Amnesty International Annual Report 2012 - Mali
|Publication Date||24 May 2012|
|Cite as||Amnesty International, Amnesty International Annual Report 2012 - Mali, 24 May 2012, available at: http://www.refworld.org/docid/4fbe3927c.html [accessed 27 May 2017]|
|Disclaimer||This is not a UNHCR publication. UNHCR is not responsible for, nor does it necessarily endorse, its content. Any views expressed are solely those of the author or publisher and do not necessarily reflect those of UNHCR, the United Nations or its Member States.|
Head of state: Amadou Toumani Touré
Head of government: Mariam Kaïdama Cissé Sidibé (replaced Modibo Sidibé in April)
Death penalty: abolitionist in practice
Population: 15.8 million
Life expectancy: 51.4 years
Under-5 mortality: 191.1 per 1,000
Adult literacy: 26.2 per cent
Mali joined neighbouring countries in operations against al-Qa'ida in the Islamic Maghreb (AQIM). Of the seven hostages abducted by the group in 2010, three were released. One person was killed and five others abducted. The National Human Rights Commission recommended that the government abolish the death penalty. Ten people were sentenced to death.
In May, officials from four neighbouring sub-Saharan countries, including Niger and Mauritania, met in the capital, Bamako, to strengthen co-operation against AQIM. Mali and Mauritania carried out joint military operations on the border against an alleged AQIM base; several people, including Mauritanian soldiers, were killed in June.
In October, the Special Representative of the UN for West Africa expressed concerns about the security threat posed by the return of combatants from Libya to northern Mali.
In December, the National Assembly adopted the new version of the Family Code, which perpetuates discrimination against women.
National Human Rights Commission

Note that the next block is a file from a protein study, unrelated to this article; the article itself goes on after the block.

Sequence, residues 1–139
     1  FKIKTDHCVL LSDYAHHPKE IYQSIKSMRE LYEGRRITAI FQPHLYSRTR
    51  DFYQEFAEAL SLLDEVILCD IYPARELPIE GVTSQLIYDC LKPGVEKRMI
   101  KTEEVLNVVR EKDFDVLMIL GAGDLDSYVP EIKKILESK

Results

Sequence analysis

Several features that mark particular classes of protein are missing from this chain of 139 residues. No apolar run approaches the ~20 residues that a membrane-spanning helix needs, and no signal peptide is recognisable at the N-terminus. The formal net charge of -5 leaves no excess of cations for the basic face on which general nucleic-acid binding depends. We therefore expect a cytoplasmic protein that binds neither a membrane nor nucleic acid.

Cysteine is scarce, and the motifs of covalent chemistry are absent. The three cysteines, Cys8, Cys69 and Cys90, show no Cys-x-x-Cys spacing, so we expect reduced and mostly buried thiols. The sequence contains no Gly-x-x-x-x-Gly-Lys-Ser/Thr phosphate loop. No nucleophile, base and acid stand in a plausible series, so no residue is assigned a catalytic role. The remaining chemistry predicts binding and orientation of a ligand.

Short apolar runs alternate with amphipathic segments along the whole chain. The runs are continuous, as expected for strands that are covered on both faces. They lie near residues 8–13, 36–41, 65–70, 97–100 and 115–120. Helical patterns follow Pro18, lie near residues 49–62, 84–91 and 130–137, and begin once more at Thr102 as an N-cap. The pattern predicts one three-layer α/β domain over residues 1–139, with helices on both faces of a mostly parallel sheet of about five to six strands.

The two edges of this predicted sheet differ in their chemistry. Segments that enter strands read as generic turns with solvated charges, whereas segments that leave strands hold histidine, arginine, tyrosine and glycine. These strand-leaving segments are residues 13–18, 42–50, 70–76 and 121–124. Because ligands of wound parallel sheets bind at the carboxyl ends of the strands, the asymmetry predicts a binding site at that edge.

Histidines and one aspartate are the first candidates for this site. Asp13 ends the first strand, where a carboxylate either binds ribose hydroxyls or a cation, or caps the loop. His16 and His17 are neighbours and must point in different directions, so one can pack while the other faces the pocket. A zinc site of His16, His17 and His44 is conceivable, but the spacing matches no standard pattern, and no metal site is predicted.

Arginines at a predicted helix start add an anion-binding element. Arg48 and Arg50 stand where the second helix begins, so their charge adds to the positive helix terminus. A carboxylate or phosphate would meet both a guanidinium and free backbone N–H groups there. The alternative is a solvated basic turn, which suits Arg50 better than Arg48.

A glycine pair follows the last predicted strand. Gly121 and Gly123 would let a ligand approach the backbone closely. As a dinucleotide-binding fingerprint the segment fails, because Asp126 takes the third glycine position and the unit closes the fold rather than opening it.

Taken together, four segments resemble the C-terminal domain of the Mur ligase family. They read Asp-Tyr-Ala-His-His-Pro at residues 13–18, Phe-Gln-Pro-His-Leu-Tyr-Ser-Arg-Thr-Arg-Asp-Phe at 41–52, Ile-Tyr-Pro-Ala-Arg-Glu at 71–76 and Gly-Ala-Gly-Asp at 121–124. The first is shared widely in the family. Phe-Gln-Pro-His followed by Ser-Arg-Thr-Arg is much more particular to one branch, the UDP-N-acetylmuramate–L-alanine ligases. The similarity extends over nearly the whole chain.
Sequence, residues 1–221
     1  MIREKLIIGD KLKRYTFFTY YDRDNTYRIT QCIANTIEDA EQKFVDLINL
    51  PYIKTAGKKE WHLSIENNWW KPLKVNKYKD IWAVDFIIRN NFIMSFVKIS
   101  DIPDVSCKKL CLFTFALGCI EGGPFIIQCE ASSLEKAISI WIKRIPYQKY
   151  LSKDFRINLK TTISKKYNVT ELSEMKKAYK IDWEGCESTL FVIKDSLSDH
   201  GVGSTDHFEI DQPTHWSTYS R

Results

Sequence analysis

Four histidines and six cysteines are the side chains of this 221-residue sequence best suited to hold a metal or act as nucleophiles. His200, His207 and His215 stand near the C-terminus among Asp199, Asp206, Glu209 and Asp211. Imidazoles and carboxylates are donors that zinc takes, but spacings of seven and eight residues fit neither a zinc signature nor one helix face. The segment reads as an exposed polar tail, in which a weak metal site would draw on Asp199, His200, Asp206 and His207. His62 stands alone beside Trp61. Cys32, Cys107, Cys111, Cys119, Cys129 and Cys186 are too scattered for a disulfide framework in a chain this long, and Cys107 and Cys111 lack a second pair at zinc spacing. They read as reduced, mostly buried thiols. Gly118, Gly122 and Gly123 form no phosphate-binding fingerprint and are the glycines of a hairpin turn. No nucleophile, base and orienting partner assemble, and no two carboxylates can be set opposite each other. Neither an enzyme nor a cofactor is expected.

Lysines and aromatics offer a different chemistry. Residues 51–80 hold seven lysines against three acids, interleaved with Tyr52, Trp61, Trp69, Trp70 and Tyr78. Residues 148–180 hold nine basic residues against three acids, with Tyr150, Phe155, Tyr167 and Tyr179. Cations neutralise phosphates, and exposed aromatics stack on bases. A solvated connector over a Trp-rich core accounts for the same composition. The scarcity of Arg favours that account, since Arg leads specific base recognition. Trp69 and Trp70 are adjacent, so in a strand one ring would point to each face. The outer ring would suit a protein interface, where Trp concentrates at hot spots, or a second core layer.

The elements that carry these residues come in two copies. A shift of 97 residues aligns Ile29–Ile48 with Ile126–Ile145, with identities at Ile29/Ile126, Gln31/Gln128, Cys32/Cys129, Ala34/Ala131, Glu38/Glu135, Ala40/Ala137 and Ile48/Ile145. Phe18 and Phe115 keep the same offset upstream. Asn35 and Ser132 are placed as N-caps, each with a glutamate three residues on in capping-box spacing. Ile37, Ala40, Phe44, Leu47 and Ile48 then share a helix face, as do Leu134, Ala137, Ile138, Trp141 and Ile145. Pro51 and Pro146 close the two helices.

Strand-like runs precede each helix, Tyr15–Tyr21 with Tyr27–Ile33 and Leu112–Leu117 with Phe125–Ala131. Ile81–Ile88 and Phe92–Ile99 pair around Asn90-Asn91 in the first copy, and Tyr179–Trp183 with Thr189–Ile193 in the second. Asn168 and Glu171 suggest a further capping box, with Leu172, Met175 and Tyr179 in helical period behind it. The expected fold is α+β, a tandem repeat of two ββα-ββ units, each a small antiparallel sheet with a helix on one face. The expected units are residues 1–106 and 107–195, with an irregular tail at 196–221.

In March, the National Human Rights Commission published its first report. It recommended adoption of the bill supporting abolition of the death penalty, approved by the government in 2007. The report urged that the government prohibit female genital mutilation, and that prison conditions be improved and measures taken to prevent torture and other cruel, inhuman or degrading treatment.
Deaths after military exercise
In October, five trainee officers died at the Malian Armed Forces Military School in Koulikoro after a traditional endurance test. Three senior military officers and several training staff members were arrested. The Ministry of Defence ordered an investigation.
Abuses by armed groups
In January, two people were injured after a member of AQIM, a Tunisian national, exploded a gas bottle outside the French embassy in Bamako.
In January, two French nationals abducted by AQIM in Niamey, the capital of Niger, died during a failed rescue operation on the Malian border.
In February, three people abducted in Niger in September 2010 were released after payment of a ransom. Four others remained held in northern Mali by AQIM.
In March, Hamma Ould Mohamed Yahya, abducted by AQIM in 2010, was released.
In November, five people were abducted by AQIM and one other person was killed. Two French nationals were abducted from their hotel in Hombori. During the same month nationals from the Netherlands, South Africa and Sweden were abducted in Tombouctou. One German hostage was killed while trying to resist.
Ten people were sentenced to death. Among them were Mariam Sidibé, who was sentenced in July for the murder in 2008 of Mariam Traoré, her co-wife; and Bachir Simoun, a Tunisian national, who was sentenced in November for causing an explosion outside the French embassy in Bamako. On 15 December, Bachir Simoun was pardoned by President Touré after Tunisian President Marzouki requested that he be returned to his country of origin.